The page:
ICC Prosecutor wants to resume probe on PH drug war

Mike Navallo, ABS-CBN News

Posted at Jun 24 2022 11:33 PM | Updated as of Jun 25 2022 01:09 AM

Family, neighbors, and supporters of Kian delos Santos ABS CBN News/file
Family, neighbors, and supporters of Kian delos Santos pay tribute at the site where he was slain at in Caloocan City on August 15, 2018. Delos Santos was killed after being apprehended by police during their anti-drug campaign. George Calvelo, ABS CBN News/file

Khan: PH govt submitted insufficient information 

MANILA (UPDATED) — International Criminal Court (ICC) Prosecutor Karim Khan has asked the ICC Pre-Trial Chamber to allow his office to resume its probe into the drug war in the Philippines despite a request from the Philippine government to defer it.

In a 53-page request uploaded on the ICC’s website late Friday night Manila time, Khan said the Philippine government has not demonstrated it has investigated or is investigating crimes within the ICC’s jurisdiction, after his office analyzed the Philippine government’s deferral request.

Khan also said the investigation conducted by the Philippine govt "does not sufficiently mirror the investigation to be conducted by the Prosecution.” 

Philippine probes, he said, do not look into crimes committed before July 2016 when President Rodrigo Duterte took office and started his bloody war on drugs and neither does it cover crimes other than murder carried out by police such as torture and unlawful imprisonment.

“The GovPH does not appear to be investigating whether any of the alleged crimes were committed pursuant to a policy or occurred systemically, or whether any person in the higher echelons of the police or government may be criminally responsible. For these reasons alone, the Court should not defer to the GovPH’s investigation,” he said.

Khan also said the information provided by the Philippine government are “insufficient” and refer only to a small portion of the killings in the drug war which do not lead to criminal prosecutions.

“Despite the Prosecution’s requests for further substantiation, the documents submitted by the GovPH largely consist of lists of cases, which do not provide evidence of sufficient specificity and probative value to establish concrete and progressive investigative steps to ascertain criminal responsibility within the parameters of the Court’s intended investigation,” he said.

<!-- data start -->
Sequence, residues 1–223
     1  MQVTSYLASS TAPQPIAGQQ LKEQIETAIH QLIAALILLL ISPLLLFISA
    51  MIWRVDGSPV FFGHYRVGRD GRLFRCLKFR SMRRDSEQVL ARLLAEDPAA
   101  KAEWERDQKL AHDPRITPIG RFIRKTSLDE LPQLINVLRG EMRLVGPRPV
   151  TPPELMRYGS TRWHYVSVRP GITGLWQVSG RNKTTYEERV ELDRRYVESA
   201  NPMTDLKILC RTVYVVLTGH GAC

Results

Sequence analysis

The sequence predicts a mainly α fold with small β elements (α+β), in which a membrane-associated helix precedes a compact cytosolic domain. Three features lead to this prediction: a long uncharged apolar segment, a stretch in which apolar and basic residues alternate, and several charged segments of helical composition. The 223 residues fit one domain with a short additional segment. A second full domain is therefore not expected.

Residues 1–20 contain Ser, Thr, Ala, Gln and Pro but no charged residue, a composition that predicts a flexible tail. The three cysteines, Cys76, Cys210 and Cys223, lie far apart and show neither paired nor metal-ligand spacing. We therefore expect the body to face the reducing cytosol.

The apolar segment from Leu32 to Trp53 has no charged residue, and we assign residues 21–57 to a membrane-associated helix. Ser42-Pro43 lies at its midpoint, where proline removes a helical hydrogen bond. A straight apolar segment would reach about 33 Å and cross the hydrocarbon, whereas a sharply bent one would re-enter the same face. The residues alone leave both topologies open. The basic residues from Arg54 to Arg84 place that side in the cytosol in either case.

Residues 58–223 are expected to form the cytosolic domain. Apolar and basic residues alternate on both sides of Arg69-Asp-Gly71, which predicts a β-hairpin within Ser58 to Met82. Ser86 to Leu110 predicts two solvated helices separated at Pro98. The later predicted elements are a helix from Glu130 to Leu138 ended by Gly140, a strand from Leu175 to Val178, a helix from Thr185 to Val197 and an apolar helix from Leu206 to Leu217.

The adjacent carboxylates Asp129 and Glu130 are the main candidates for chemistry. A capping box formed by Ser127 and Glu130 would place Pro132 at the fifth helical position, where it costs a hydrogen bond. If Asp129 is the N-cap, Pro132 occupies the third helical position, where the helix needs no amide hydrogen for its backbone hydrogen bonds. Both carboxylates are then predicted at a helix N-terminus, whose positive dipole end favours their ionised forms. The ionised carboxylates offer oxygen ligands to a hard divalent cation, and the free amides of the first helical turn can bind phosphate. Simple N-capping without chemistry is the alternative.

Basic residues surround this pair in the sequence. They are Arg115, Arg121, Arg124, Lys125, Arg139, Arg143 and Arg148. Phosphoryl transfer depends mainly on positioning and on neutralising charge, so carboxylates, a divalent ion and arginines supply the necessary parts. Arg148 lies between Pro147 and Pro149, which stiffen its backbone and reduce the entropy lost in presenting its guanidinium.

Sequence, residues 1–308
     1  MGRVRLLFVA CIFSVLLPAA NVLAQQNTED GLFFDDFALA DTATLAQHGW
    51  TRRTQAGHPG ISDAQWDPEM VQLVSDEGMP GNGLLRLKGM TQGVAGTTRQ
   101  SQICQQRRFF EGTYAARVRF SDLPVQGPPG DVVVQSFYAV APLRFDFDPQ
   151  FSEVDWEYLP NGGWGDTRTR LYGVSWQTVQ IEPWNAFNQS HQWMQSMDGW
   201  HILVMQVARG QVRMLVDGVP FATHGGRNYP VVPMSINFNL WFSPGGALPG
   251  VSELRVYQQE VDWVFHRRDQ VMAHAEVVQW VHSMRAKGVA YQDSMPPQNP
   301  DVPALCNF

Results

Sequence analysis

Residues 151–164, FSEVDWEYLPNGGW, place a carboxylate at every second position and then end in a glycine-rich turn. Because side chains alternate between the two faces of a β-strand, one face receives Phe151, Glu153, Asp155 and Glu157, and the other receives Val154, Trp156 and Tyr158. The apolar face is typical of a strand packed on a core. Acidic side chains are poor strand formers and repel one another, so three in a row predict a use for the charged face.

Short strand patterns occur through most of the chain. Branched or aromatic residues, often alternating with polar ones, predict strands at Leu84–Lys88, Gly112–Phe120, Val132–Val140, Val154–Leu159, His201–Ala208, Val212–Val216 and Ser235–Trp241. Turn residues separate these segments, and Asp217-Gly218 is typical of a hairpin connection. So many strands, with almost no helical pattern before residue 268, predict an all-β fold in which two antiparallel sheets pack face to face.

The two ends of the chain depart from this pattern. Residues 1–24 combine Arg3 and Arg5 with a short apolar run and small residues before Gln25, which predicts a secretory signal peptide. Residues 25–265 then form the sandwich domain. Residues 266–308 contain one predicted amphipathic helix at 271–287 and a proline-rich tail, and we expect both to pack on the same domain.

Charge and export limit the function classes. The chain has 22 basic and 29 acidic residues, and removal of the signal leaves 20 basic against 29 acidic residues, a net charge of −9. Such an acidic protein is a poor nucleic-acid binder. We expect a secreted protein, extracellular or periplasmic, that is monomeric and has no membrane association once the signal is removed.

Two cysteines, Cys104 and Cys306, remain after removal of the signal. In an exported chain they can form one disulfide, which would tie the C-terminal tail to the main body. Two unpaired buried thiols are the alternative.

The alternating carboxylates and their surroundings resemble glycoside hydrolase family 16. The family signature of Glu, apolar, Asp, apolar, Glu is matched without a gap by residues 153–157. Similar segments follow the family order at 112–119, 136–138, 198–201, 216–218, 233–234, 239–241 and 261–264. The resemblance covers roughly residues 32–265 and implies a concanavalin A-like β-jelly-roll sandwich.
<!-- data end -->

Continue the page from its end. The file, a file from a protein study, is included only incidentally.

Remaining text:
“Even then, the cases referenced by the GovPH relate only to a small proportion of the criminal conduct that allegedly took place in the Philippines between 1 November 2011 and 16 March 2019, in the context of the 'war on drugs' ('WoD'),” he added. 

“In addition, the GovPH refers to non-penal initiatives and proceedings, which do not result in criminal prosecutions and are therefore irrelevant to the Chamber’s analysis under article 18.”

Article 18(2) of the Rome Statute allows a state to ask the ICC Prosecutor to defer to its own investigation of the criminal acts which may constitute crimes within the jurisdiction of the ICC such as crimes against humanity.

Khan recommended instead that the ICC Pre-Trial Chamber authorize the resumption of his office’s probe into the situation in the Philippines and to allow victims or their representatives to file written submissions on the Philippine government's request to defer the ICC probe within a "reasonable but limited time."

The ICC Pre-Trial Chamber, in September last year, authorized the ICC Prosecutor to proceed with its probe of the drug war in the Philippines from July 1, 2016 when Duterte became President until March 16, 2019, when the Philippines withdrew from the ICC.

The investigation will also cover Duterte’s time as mayor and vice mayor of Davao City since the Philippines became part of the ICC on November 1, 2011.

The ICC Prosecutor suspended its probe in November 2021 due to a request from the Philippine government.


In deciding to recommend the resumption of the Philippine drug war probe, Khan stressed that the burden is on the State requesting the deferral of the ICC probe to substantiate its request that it is investigating. 

Mere preparedness or willingness to investigate or prosecute, he said, is not enough.

Khan rejected as a mere “administrative” “desk review" the list of 52 cases the DOJ drug war review panel submitted to the ICC.

In October last year, the DOJ drug war review panel came out with its matrix of 52 cases forwarded from the Philippine National Police’s Internal Affairs Service.